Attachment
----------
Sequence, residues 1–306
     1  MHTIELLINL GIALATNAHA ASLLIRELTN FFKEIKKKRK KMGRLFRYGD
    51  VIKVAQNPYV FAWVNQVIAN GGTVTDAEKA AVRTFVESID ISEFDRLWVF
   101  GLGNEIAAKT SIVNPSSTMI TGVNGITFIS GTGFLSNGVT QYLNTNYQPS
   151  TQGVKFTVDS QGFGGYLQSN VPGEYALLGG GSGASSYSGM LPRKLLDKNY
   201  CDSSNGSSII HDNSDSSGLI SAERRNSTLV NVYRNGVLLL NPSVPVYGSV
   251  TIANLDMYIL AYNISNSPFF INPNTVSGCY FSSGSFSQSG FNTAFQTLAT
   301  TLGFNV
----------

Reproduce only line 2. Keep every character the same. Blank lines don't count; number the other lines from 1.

     1  MHTIELLINL GIALATNAHA ASLLIRELTN FFKEIKKKRK KMGRLFRYGD